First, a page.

3. I really do not think the corporate focus will disadvantage you regardless of what type of law you choose to practice. Obviously I do not have a lot of experience with the school yet, but from what I can tell, they seem to be very supportive regardless of what you want to do with your law degree. The student clubs the school has also make this possible, as they often have events that can expose you to all different areas of the law. I think the idea that there is a corporate focus comes from the fact that the big firms from Toronto are the ones with the most resources, therefore, they are the ones who are sponsoring events and have their names on classrooms. Sorry if this was unclear, but the point I was trying to get across is although I can definitely see why people say there is a 'corporate' focus, the school has ample resources to support whatever career path you are interested in. The community aspect is interesting this year. The administrators loved to push it during orientation week as they are fully aware of this reputation. From what I can tell, it is true, but, as you alluded to COVID is making it extremely difficult to form connections. I am lucky enough to have most of my classes in person, so I have made friends that way. However, during the first two weeks, when classes were all online, I did not make any new friends. The biggest problem is that the only 1Ls you are exposed to are the 40 kids in your section, there is zero interaction with any other sections. Now that extracurriculars are getting going this has started to change, but they are all online, so it is hard to make friends that way. The upper years are doing their best to help also. My orientation leaders have been very friendly, along with my tutor. The LSS also set up a separate buddy program to connect 1Ls with upper years. Basically, the people I have been exposed to, my section and a limited amount of upper years, have all been extremely helpful and are trying to foster a sense of community, but there is definitely a feeling that we are all missing out, especially considering we have no interaction with 80% of 1Ls.
  4. Hi everyone. I am a 1L and would be happy to answer some questions. I know it is relatively early in the year but I am on reading week and would be happy to pay it forward. I will be doing work throughout the day, but will do my best to get to any questions at night and throughout the week.
  5. Wow, thanks for sharing. Much more in person than I expected
  6. Thanks for this, as an incoming 1L I am definitely going to be in Kingston. Also, I recently spoke to Helen about the tutoring program and she told me it will be up to the individual whether or not they feel comfortable tutoring in person.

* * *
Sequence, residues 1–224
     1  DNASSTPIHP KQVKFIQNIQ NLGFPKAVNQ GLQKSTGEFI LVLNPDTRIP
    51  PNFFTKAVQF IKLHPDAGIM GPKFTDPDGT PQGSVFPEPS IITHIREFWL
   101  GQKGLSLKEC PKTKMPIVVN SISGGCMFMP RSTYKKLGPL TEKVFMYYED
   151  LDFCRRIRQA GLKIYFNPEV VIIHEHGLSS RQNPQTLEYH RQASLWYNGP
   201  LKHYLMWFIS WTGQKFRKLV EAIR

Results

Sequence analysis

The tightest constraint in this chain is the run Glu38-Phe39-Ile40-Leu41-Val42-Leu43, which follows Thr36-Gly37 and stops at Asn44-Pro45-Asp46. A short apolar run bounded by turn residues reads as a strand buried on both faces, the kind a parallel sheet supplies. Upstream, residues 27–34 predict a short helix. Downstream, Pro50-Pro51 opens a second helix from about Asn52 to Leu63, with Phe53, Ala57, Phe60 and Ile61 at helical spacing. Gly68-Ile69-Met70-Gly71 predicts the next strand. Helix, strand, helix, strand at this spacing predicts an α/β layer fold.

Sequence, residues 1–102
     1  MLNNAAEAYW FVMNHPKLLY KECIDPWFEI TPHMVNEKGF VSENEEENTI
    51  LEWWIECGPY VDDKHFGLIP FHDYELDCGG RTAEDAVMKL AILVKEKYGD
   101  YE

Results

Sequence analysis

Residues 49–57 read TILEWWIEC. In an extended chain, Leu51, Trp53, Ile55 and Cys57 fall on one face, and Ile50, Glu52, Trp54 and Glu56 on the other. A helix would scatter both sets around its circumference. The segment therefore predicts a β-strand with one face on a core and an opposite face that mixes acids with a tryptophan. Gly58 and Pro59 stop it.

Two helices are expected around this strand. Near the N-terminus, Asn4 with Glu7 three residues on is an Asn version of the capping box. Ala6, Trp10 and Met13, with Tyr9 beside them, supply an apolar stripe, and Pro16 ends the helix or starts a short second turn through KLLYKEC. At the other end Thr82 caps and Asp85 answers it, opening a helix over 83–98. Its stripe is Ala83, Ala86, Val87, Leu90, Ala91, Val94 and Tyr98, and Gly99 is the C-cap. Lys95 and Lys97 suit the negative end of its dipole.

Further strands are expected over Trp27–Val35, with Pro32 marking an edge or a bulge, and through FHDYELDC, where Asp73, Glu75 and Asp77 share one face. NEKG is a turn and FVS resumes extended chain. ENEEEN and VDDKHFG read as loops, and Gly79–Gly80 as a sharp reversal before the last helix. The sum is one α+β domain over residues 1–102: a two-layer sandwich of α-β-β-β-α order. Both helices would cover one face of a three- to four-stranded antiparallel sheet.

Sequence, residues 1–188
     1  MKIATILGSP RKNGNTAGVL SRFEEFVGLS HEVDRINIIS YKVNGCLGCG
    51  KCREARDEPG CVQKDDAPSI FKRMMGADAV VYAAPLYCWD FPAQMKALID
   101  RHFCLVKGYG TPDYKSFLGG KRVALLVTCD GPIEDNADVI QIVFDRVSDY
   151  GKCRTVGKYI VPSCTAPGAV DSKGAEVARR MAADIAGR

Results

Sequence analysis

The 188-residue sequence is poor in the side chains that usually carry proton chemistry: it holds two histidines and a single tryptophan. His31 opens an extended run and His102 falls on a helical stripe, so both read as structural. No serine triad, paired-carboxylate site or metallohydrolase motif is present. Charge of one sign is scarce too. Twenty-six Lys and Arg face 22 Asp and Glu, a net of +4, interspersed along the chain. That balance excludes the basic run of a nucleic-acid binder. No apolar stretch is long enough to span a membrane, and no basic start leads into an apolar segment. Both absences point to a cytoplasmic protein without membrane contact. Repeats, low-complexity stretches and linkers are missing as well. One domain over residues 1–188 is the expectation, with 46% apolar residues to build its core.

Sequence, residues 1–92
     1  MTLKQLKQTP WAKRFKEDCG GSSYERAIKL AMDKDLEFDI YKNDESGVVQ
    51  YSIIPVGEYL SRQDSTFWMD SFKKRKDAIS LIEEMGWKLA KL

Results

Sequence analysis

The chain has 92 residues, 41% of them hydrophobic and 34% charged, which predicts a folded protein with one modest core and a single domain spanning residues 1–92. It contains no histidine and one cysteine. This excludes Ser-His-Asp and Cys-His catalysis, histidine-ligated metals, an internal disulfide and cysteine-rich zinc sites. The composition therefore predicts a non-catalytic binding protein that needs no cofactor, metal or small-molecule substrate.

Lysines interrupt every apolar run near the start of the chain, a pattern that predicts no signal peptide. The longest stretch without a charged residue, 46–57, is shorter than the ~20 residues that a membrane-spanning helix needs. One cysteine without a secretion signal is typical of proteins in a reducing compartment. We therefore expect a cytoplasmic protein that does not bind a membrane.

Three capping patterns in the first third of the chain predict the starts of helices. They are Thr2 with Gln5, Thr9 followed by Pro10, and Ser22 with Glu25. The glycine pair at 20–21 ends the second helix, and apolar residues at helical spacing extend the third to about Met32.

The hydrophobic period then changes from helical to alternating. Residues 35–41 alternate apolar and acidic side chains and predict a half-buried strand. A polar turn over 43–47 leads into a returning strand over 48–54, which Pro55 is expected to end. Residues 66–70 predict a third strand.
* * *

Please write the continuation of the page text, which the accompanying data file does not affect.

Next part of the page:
7. Just as an anecdotal experience, my L2 was not competitive at time of applying but by the end of this year (I applied during fourth year) my L2 was 3.66. Queen's sent me an acceptance exactly a week after my final grades were submitted.
  8. I am in the group too and I do not have a specific answer to your question. What I do know though is nobody has been added in 2+ weeks and the number of people in the group has recently dropped from 210 to 208.
  9. It took me like 3 day to be accepted. And no you're not missing anything important, all the post so far have been people looking for roommates.
  10. Not certain but I would imagine they would have no problem taking your money now or anytime before June 1.
  11. I'm in the group and I think some of the members are also upper years? Could be wrong though There are undoubtedly still spots available and more will open as people accept different offers in the coming months/weeks. Regardless, good luck everyone!
  12. I was in a similar situation just a year ago, except my cGPA going into fourth year was even lower than yours. However, my L2, which is what Queens and Western primarily look at, ended up being around 3.7. I had to wait until Queens received my final grades from this semester for them to give me an offer, and Western deferred my decision, essentially meaning they are waiting for my final grades before making a decision, but if your third and fourth year grades are solid, you have a good shot of being accepted. As mentioned, you need to focus on your LSAT, that should be your primary focus this summer. I would target a score of at least 160, but you may have some wiggle room here depending on other factors in your application and your grades. Obviously though, the higher the score the better.
  13. Before I submitted final grades my L2 was 3.45 ish. With my final grades, it is 3.66 Thanks for the reply, just don't like waiting lol, hopefully a decision will come soon.